Messier 101, the Pinwheel Galaxy

Guide to Messier 101

This is the web supplement to Howard Banich's article "The Determined Observer's Guide to M101," in the June 2013 issue of Sky & Telescope. In it, Banich describes observing M101 with his motorized 28-inch alt-azimuth Newtonian, preparing the sketch shown below at low resolution. M101 is extraordinarily rich in active star-forming regions, 10 of...

Arsia volcanoes

Caves on the Moon and Mars

As Robert Zimmerman’s cover story of the April 2013 issue explains, Earth is not the only world in the inner solar system with caves. The same volcanic processes that created some of Earth’s caves also occurred on the Moon and Mars. Using imagery from a variety of orbiters, geologists have spotted a number of...

A Civil War Submarine and the Moon

In the February 2013 issue, the article “The Moon and the Mystery of the Hunley” by William Stevenson describes how the tides and the phase and position of the Moon played a role in the first successful submarine attack in naval history. The assault took place during the American Civil War, when the northern...

dark matter detector

Detecting Dark Matter

Dark matter was discovered 80 years ago when astronomer Fritz Zwicky spied a galaxy cluster whirling so fast, the galaxies were bound to fly apart unless something — something less luminous than ordinary stars or gas — held them together. Decades later, the scientific community concedes the existence of dark matter, after many different...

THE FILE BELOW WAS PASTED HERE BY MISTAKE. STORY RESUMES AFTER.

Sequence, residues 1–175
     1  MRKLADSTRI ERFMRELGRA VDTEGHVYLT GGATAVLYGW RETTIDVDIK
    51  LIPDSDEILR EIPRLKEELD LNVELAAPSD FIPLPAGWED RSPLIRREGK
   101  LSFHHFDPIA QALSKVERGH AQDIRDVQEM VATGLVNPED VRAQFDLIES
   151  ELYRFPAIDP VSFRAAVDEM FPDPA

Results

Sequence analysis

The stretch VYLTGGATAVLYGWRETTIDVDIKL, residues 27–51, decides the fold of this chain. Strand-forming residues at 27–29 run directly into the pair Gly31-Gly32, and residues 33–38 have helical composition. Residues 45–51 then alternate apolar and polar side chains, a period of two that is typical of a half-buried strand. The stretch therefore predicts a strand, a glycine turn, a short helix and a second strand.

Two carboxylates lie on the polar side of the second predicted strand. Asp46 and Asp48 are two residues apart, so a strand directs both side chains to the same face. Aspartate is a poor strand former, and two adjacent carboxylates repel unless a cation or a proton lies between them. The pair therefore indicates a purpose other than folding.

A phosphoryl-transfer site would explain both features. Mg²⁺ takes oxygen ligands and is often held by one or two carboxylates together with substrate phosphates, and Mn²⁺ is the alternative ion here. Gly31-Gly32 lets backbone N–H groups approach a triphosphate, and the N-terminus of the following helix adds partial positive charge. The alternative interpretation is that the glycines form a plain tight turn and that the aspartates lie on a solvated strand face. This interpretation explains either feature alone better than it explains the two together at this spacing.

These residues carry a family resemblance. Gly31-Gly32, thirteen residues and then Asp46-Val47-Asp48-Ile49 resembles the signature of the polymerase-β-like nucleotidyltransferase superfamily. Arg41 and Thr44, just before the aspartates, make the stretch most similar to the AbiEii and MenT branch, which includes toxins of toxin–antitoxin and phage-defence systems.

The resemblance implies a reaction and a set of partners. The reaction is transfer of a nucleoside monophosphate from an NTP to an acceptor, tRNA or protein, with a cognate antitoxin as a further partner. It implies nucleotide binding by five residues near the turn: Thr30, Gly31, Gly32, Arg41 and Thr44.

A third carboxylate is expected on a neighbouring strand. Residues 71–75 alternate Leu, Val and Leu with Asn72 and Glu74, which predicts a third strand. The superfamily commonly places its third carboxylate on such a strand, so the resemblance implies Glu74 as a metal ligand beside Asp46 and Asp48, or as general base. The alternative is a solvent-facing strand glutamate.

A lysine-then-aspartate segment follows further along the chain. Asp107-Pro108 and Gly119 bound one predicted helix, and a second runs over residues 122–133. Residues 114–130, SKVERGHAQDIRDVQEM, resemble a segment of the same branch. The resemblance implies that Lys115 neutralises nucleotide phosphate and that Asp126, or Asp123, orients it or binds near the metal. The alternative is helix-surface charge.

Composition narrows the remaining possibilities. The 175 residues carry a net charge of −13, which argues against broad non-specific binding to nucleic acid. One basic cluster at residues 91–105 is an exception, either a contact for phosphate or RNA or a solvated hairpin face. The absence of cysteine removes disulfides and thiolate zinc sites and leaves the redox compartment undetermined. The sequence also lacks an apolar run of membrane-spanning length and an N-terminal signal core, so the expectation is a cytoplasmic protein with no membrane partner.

Triple asteroid

Asteroid Moons

In the past decade, new observations have shown that asteroids are no longer the solitary, dense, potato-shaped rocks we thought them to be, orbiting the Sun unchanged eon after eon. The December issue of S&T describes the latest research that paints a different picture. Asteroids, it turns out, are porous collections of small rocks...

Start time of Australian total solar eclipse

Mapping Eclipses

In the November issue of Sky & Telescope, Michael Zeiler writes about the history of eclipse maps. Even as long ago as 1715, astronomer Edmond Halley was able to calculate an eclipse map that was accurate to within 3 km. Now Michael Zeiler's eclipse maps have unprecedented accuracy, and the start of the eclipse...

How NuSTAR Catches X-rays

NASA's NuSTAR mission will give sharper-than-ever views of the high-energy universe. But corralling X-rays is like herding cats. These wily photons have enough energy to penetrate through our skin and muscles as if they weren't even there, and bringing them to a focus is no easy task. Principal Investigator Fiona Harrison (Caltech) tells Sky...

Milky Way and Magellanic Clouds

Making the Magellanic Clouds

Our Milky Way Galaxy has more than a dozen known satellite galaxies. But two stand out above the crowd for their impressive size and brightness: the Large and Small Magellanic Clouds. Both are easily visible with the naked eye from the Southern Hemisphere, and have been known to skygazers since the dawn of humanity....